by Debbie Schipp
IT'S Byron's biggest music festival, but police have issued a grim warning that if disaster strikes Splendour In the Grass, it would take eight hours to fully evacuate the venue.
They also fear a repeat of the crowd crush at last year's Falls Festival at Lorne in December, when 19 people were taken to hospital with broken bones or other serious injuries and dozens more hurt in a crowd stampede between acts.
Festival-goers caught up in the Lorne incident have since launched a potential million dollar lawsuit agains that festival's promoters.
Both Splendour in the Grass and North Byron Parklands management say the Lorne venue and incident have a different set of circumstances that "has no bearing on Parklands of Splendour in the Grass", referring to the different layout of the site, including number of access points at various stages.
And they say the eight-hour evacuation doesn't recognise that humans can actually be out in 30 minutes.
The police assessment comes as a response to a long-term proposal from North Byron Parklands, which manages the Splendour venue, asking the NSW Department of Planning and Environment to extend the five year trial of the venue, and also make it a permanent festival site with a capacity of 50,000 - up from the daily limit of 35,000 currently allowed at the site.
In a scorching letter to the Department of Planning and Environment, the crime manager of the Tweed Byron LAC (local area command) Inspector Brendan Cullen flagged "major issues and the potential for disaster" which came out of last year's festival - which with more than 32,000 patrons was the biggest to date.
"There is no possibility of evacuating North Byron Parklands within eight hours at current capacity levels," he warned, adding that in the wake of the Lorne stampede, the Byron venue should be fully audited to ensure the risk of a similar crowd crush occurring at North Byron Parklands is mitigated.
But North Byron Parklands general manager Mat Morris said the eight-hour evacuation estimate applied to completely clearing the site of all vehicles, and the actual evacuation time for humans is 25 to 30 minutes.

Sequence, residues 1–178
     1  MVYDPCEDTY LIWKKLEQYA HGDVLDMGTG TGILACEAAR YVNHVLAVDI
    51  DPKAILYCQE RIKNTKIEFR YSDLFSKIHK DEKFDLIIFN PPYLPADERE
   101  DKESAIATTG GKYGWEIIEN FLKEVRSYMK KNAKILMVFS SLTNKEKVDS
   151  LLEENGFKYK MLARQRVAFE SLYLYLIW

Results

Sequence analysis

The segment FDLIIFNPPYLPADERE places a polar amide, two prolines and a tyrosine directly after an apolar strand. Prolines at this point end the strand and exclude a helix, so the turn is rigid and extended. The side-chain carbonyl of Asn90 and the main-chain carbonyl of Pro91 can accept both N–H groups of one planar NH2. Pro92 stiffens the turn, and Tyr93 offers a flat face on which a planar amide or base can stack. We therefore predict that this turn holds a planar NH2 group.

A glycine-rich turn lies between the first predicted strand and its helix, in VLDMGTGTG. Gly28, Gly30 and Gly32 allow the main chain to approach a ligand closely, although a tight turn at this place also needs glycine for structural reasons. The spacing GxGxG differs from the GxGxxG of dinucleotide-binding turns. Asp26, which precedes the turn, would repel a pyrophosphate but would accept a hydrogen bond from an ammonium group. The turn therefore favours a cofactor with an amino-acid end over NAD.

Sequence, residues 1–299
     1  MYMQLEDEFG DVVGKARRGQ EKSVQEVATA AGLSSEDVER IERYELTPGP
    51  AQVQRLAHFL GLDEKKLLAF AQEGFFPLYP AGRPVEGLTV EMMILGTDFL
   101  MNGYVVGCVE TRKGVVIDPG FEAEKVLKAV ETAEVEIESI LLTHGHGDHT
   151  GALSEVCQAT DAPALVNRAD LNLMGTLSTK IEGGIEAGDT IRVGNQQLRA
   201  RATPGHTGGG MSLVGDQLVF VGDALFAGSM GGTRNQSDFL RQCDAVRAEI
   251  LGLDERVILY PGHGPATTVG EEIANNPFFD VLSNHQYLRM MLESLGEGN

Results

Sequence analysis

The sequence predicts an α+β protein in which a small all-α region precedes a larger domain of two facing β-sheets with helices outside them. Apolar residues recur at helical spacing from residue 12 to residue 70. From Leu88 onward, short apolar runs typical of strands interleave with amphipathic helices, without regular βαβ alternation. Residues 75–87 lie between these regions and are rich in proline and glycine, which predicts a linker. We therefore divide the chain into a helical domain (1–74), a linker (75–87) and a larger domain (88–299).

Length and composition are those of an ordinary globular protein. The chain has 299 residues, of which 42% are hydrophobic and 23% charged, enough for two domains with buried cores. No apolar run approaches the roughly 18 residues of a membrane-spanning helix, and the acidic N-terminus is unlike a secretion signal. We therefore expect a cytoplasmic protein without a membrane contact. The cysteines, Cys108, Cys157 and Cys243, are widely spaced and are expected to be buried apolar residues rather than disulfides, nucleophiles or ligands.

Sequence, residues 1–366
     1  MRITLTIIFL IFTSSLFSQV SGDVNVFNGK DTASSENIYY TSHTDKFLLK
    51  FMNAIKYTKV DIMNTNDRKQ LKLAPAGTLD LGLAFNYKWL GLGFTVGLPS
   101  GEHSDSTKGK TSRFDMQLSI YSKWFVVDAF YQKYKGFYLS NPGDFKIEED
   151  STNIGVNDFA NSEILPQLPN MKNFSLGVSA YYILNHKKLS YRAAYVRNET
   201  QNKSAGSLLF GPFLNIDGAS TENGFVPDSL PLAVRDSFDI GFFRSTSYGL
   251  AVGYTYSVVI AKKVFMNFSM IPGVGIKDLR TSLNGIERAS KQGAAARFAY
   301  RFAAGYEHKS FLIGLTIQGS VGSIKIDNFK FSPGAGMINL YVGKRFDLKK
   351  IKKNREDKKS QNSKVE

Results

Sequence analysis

"We have done a whole range of incident simulation exercises looking at a whole range of different scenarios and different threats - and the eight hours being referred to by Inspector Cullen is a complete removal of all vehicles and patrons," he said.
"If we were to have a bushfire we have the ability to move all of patrons to a 500 hectare adjoining property which is completely free of vegetation within about 25 to 30 minutes.
"With flooding, again, that would be the same time for all patrons. That would mean loss of property, but patrons would be out."
Mr Morris said since 2013, eight events had been held at the site, and while no incidents requiring major evacuation had occurred, he's confident if an emergency of that volume struck, organisers were well prepared.
"We liaise continually with emergency services and police and run mock many detailed incident simulation workshops with these agencies," he said.
Inspector Cullen said police resources during the festival were already overstretched at festival time, and "the TBLAC cannot provide first response to the community at large and a satisfactory policing response to the festival."
He said police could not support an expansion plan until policing numbers, a SafeWork NSW safety audit, emergency plans and better traffic management were addressed, especially in regard to the festival's amphitheatre in light of "the emergency crowd crush situation at Falls Festival, Lorne, Victoria"."
Road access at last year's festival was "insufficient for emergency and service vehicles."
"There is no possibility of evacuating within eight hours at current capacity levels," he wrote.
Splendour In The Grass spokeswoman Jessica Ducrou said Splendour is "100 per cent committed to patron safety".
"In relation to the incident at Falls Festival in Lorne, Splendour has an Event Safety Committee that meets prior to and after the event. We spend a great deal of time in the planning of the event to ensure the safety of event patrons and staff. NSW Police have attended these meetings, and we have undergone a process of positive consultation with them in relation to crowd flows and general patron safety," she said.
"It is worth noting the Lorne incident has a completely unique set of circumstances that has no bearing on Parklands or Splendour in the Grass."
"Splendour in the Grass operates on a Police user-pay system. This essential service helps us meet the needs of our patrons while still fulfilling our responsibilities to the broader community.
"This user-pay service helps ensure that normal policing services to the community can also be maintained."
North Byron Parklands' 267 hectare site has been the venue for the festival on a trial basis for five years. In addition to asking the Planning department to make the arrangement permanent and increase the capacity to 50,000, Parklands today sought an extension of the current trial arrangement, which expires at the end of the year.
The new request doesn't seek to expand the venue capacity, and would extend the trial period to August 2018.
It would give Parklands time to meet the requirements of NSW Planning before it considers the long-term proposal, and allow the end-of-year Falls Festival at Byron to operate, plus next year's Splendour.
"Under the current trial approval Falls Festival Byron 17/18 cannot operate. Negotiations with several international artists are also well advanced for Splendour in the Grass 2018 and negotiations covering Splendour in the Grass 2019 will commence towards the end of this year,"Mr Morris said.
Splendour in the Grass 2017 will be held from July 21 to July 23.